Federal

Title I Study: As Teachers Hone Their Craft, Children Gain

By David J. Hoff — September 05, 2001 3 min read

Standards-based initiatives will not work if teachers aren’t learning how to improve their instructional practices and parents aren’t involved in their children’s education, a federal study suggests.

The review of 71 high-poverty elementary schools found that student achievement rose the fastest in those where teachers reported they had high-quality instruction in improving their craft and worked actively with parents on students’ education.

“It confirmed what we already know about professional development and parental outreach,” said Daphne K. Hardcastle, the project officer at the Department of Education who oversaw the three-year project.

“The Longitudinal Evaluation of School Change Performance in Title I Schools” is free from the U.S. Education Department. It can also be ordered through ED Pubs, Editorial Publications Center, U.S. Department of Education, PO Box 1398, Jessup, MD 20794-1398.

What’s more, the study of Title I schools found that the 3rd, 4th, and 5th graders it assessed performed better in reading and mathematics if their teachers emphasized higher-order thinking over basic skills. According to Ms. Hardcastle, the findings support the view that high-poverty students need to learn basic skills in the primary grades, but that schools need to lean toward more creative learning in the upper-elementary grades."You may need to do some [basic-skills instruction], but you shouldn’t overemphasize it,” she argued. “It shouldn’t exclude thinking skills.”

While the study, released this summer, lacks the scope and randomized design needed to be considered scientifically sound, its findings ring true with a number of people who are working to improve the achievement of impoverished students. Helping teachers explore new and creative ways to teach reading has been a big part of standards-based initiatives in El Paso, Texas, according to Joanne Bogart, the director of dissemination and policy for the El Paso Collaborative for Academic Excellence.

“It’s an ongoing professional development,” said Ms. Bogart, a former federal Education Department official. “We’re working with teachers so they’re always working to improve their practices. We don’t just say, ‘Here are some materials. Use this script.’ ”

One of the results has been that several elementary schools in the area are listed as “exemplary,” the highest category in the Texas accountability system, she said.

Rapid Gains

For the report, Education Department contractors tracked the achievement of a cohort of 3rd graders until they reached the 5th grade. The 71 schools in the study had more than 35 percent of their students coming from low- income families and received aid under Title I. The largest federal program in precollegiate education aims to improve the schooling of disadvantaged children.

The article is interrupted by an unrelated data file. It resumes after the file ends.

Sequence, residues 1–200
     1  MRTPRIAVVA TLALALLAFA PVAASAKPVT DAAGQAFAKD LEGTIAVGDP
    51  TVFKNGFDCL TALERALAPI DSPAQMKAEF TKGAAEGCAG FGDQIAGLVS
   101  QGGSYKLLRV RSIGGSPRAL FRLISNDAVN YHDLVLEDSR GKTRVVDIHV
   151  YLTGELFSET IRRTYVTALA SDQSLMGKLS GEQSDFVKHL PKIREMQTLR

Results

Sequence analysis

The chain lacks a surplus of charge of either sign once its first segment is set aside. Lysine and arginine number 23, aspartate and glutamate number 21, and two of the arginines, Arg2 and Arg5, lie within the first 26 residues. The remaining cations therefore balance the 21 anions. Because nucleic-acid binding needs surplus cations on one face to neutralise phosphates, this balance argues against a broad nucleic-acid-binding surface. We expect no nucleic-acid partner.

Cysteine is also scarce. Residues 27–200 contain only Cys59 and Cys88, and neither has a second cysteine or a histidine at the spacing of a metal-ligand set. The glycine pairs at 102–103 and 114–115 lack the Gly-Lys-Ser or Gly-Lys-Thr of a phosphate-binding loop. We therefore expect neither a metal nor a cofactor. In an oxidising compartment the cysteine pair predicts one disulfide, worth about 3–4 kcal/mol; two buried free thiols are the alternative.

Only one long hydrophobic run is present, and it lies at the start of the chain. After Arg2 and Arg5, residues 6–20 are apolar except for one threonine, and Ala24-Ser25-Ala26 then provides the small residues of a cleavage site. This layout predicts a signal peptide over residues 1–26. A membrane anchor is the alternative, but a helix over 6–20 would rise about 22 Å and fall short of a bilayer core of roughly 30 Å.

Researchers surveyed teachers to check which services and interventions might have the greatest impact on student achievement.

The analysis found that:

  • Student progress was 20 percent higher in reading and 50 percent higher in math when teachers gave high ratings to their professional-development experiences rather than low ones.
  • When 3rd grade teachers actively worked with parents of low-achieving students, the test-score gain was 50 percent higher in reading and 40 percent higher in math than when the 3rd grade teachers didn’t engage in such parental outreach.
  • Test-score growth was 10 percent lower in reading and 17 percent lower in math when teachers emphasized basic skills over higher-order thinking.

Westat and Policy Studies Associates conducted the research for the department.

The study was designed by a panel formed by the Clinton administration to evaluate Title I. But its findings support the Bush administration’s agenda of improving reading by helping teachers change the way they teach the subject, according to an Education Department spokeswoman.

While that reading agenda emphasizes teaching basic skills in the early grades, the administration believes the approach to teaching should turn toward higher-order-thinking skills in the late-elementary years, according to Melinda Kitchell Malico, the spokeswoman.

Reading research, in particular, has noted that phonics instruction becomes less important once students become independent readers, said Louisa C. Moats, a clinical associate professor for the Center for Academic and Reading Skills at the University of Texas Health Science Center in Houston. “The research consensus now is that about 3rd grade, the emphasis has to shift to comprehension and vocabulary development,” Ms. Moats said.

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